Rabbi O’s Weekly Parsha: Bamidbar (Numbers 1:1-4:20)Submission to the Mission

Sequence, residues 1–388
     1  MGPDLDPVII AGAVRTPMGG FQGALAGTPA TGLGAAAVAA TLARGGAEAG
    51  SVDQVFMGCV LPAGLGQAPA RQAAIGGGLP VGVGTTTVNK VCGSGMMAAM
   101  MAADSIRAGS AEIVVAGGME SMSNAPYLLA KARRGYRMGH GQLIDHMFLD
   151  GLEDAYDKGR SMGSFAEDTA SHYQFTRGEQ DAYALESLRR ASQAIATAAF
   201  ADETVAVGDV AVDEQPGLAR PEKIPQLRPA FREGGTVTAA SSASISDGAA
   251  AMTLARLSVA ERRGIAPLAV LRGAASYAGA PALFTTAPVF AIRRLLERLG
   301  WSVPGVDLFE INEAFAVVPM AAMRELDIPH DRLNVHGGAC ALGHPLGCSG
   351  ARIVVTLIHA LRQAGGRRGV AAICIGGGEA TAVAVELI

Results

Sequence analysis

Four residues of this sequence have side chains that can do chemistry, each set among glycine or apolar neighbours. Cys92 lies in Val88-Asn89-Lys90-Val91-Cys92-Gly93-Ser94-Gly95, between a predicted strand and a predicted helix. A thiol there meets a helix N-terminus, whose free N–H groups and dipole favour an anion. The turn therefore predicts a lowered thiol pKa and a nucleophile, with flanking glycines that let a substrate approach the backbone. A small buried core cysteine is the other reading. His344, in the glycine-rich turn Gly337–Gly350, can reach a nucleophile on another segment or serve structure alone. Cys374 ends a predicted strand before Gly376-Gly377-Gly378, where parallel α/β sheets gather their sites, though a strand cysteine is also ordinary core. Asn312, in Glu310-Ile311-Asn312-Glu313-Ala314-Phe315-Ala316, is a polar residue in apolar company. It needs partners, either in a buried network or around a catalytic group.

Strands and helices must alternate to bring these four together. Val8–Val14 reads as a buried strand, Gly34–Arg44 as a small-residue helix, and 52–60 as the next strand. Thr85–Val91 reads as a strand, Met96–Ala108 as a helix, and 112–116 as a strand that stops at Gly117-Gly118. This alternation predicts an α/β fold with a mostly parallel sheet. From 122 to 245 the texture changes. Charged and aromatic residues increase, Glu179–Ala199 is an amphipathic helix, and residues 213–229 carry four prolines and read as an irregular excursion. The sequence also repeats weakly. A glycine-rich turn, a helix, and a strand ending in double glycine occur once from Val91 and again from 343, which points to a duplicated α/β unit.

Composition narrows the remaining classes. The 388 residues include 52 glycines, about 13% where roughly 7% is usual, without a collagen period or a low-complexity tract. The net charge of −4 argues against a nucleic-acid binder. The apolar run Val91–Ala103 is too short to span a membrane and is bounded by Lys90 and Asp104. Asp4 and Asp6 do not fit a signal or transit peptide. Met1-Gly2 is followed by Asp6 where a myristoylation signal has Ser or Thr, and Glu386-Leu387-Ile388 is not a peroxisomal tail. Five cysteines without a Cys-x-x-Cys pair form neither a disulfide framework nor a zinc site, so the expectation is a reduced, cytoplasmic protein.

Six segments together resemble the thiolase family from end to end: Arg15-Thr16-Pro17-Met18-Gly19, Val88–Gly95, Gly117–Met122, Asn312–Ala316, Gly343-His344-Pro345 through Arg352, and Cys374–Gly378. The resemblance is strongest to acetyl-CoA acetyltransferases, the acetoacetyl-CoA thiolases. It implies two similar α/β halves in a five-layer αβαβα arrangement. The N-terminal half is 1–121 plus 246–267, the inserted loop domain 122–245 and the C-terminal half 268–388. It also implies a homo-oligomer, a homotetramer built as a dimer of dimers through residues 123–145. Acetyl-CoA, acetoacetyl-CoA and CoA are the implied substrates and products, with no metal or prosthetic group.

This is a time of beginnings. The first day of the Hebrew month Sivan was only a few days ago, the festival of Shavuot begins immediately after Shabbat, and in synagogues throughout the world a new book of the Torah is read, the book of Numbers. The first topic mentioned is the counting of people of the generation of the people who left Egypt and were now in the desert. They were counted “according to the number of names” (Numbers 1:2) whereas the next generation, the ones who actually lived to enter the Land of Israel were not mentioned by name, only by family (see Numbers 26). The commentary Sforno (Italy; 1475-1550) observes that counting by names stresses the importance of the individual. The counting in this week’s Parsha of the people who had left Egypt in the great Exodus was done by name to demonstrate that these were elevated people, also known as the Dor HaDeah, “generation of understanding.” The next generation, those who actually entered and conquered the Land of Israel, were of lesser accomplishment and stature. They possessed great qualities originating from their families but individual greatness was not so widely distributed.The Torah details the shortcomings and outright failures of the first generation but omits any imperfections of the second generation. How is it possible that the generation who merited witnessing the Exodus, the splitting of the sea, and so many other miraculous events did not merit admission to the Land of Israel? What did the second generation, the lesser of the two, do to succeed in entering the land?The generation that left Egypt had lived there for so long that they had become stuck in some of the lifestyle and values system of their host country (Egypt). When they left in a miraculous way, they realized that they must cleanse themselves of the false ideologies and idols that had surrounded them for hundreds of years. Their focus was to turn away from the very debasement to which they had become so accustomed. The next generation, saw their work differently-instead of focusing on turning away from evil, they would focus on performing good works. They were charged with entering the land, making it theirs, and building the Temple (Beit Hamikdosh).We learn two crucial but different paths of retaining one’s focus as a Jew from here. One might be on a campus, at an office or social gathering in which the environment is not in concord with his or her Jewish value system. The Biblical story of Joseph is a paradigm for one approach. He was taken as a slave and refused the seduction attempts by the mistress of the house; it would have been contrary to everything he had learned in parents’ (Jacob and Leah’s) home. His refusal wasn’t mere self-control, it also required a self-confident and tenacious mindset. He had made a number of mistakes in life. He had mistreated his brothers as well as giving false reports about them to his father. He had not only been shunned by them, he had been cast into a pit and ended up being sold as a slave. A person in that situation might have a negative inner voice; “I am a failure. My great grandparents (Abraham and Sara) introduced the revolutionary idea of monotheism into the world and lead their lives in an exemplary fashion, as did their children and grandchildren who had been tasked with carrying on their message-but I didn’t. I failed by wronging my family and G-d and now my life is such a mess that I’m a slave, why not just accept her offer? How harmful will can one more small indulgence be?” But that wasn’t the voice Joseph followed. Rather, he said, “There is no one greater in this house than I.” (Genesis 39:9).Our yetzer hara, inner voice urging us settle for the lesser-temporary-pleasure, often tells us that we are of little importance. Why try to make something of our lives when we have failed so often? “I have failed at relationships and/or made really foolish career choices. I should have gone to graduate school or I should have gone to work, graduate school was a waste of time and money.” That inner negative voice has an unlimited array of suggestions to convince a person that (s)he is a loser and another act of poor judgment won’t help or hurt his or her life. (“I’m so overweight, I may as well have another few pieces of cake…I’ve smoked so many cigarettes, one more won’t hurt.”) The only way we can resist that yetzer hara (negative and deceiving inner voice), is to assert our value and worth. We are Jews, descendants of a people who have, in the words of John Adams, “influenced the affairs of Mankind more, and more happily, than any other Nation ancient or modern.” Each one of us has an internal fortitude, the ability even under the worst situations to gird ourselves the way Joseph did under his demanding challenge. It’s called holy pride and it’s in every Jew’s spiritual DNA.The generation of the wilderness battled constant battles of living as Jews in an environment hostile to what they stood and lived for. When they left Egypt, they needed to feel this holy pride and had to invoke feelings of self-importance and the realization that they were worthy of being freed from Egypt-worthy of redemption. The Torah takes note of this by underscoring their individual importance in counting them “by number of the names.” Still, the toughness and single-minded devotion required of that great generation was not the quality needed to enter Canaan, the Land of Israel.The next generation had different challenges and did an about-face. They preoccupied themselves with the production of good deeds. They didn’t have the emotional and spiritual baggage of the previous generation and therefore embarked on a different path. The Talmud (Rosh Hashanah 26B) says, the more a person bends himself or herself in submission and humility, the better. Stripping one’s negative ego is crucial for a successful relationship with G-d and people. The ticket to Canaan was submission to the mission of living, cultivating, and passing on a message that would ultimately change the world.These two approaches, one requiring great self confidence and toughness, the other submission to the people and circumstances in life, are both necessary for the different challenges in life. When you are at a social gathering and people start bashing the “occupation” of Palestine by Israel it will take self-confidence and tenacity-guts-to speak up and not let the pernicious lies to go further but it takes an entirely different skill to remain silent when one’s spouse or friend gives you words of rebuke. It takes humility and a shedding of ego. What challenges in life are you encountering? Which approach is the most appropriate for you at stage in your life? Shabbat Shalom(Sources: Nesivos Shalom, Bamidbar pp. 8-10 from Beis Avraham of Slonim